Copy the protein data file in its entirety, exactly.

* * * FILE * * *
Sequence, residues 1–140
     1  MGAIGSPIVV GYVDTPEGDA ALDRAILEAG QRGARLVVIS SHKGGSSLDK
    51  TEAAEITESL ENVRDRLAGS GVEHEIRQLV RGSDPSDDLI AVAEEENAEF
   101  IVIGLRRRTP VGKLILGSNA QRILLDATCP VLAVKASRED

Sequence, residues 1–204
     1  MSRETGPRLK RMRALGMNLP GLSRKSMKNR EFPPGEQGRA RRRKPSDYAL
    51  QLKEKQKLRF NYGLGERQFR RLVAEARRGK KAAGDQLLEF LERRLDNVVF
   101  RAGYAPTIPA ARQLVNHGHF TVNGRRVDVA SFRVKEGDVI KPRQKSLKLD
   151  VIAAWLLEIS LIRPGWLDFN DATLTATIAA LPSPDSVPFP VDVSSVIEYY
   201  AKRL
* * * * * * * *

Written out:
Sequence, residues 1–140
     1  MGAIGSPIVV GYVDTPEGDA ALDRAILEAG QRGARLVVIS SHKGGSSLDK
    51  TEAAEITESL ENVRDRLAGS GVEHEIRQLV RGSDPSDDLI AVAEEENAEF
   101  IVIGLRRRTP VGKLILGSNA QRILLDATCP VLAVKASRED

Sequence, residues 1–204
     1  MSRETGPRLK RMRALGMNLP GLSRKSMKNR EFPPGEQGRA RRRKPSDYAL
    51  QLKEKQKLRF NYGLGERQFR RLVAEARRGK KAAGDQLLEF LERRLDNVVF
   101  RAGYAPTIPA ARQLVNHGHF TVNGRRVDVA SFRVKEGDVI KPRQKSLKLD
   151  VIAAWLLEIS LIRPGWLDFN DATLTATIAA LPSPDSVPFP VDVSSVIEYY
   201  AKRL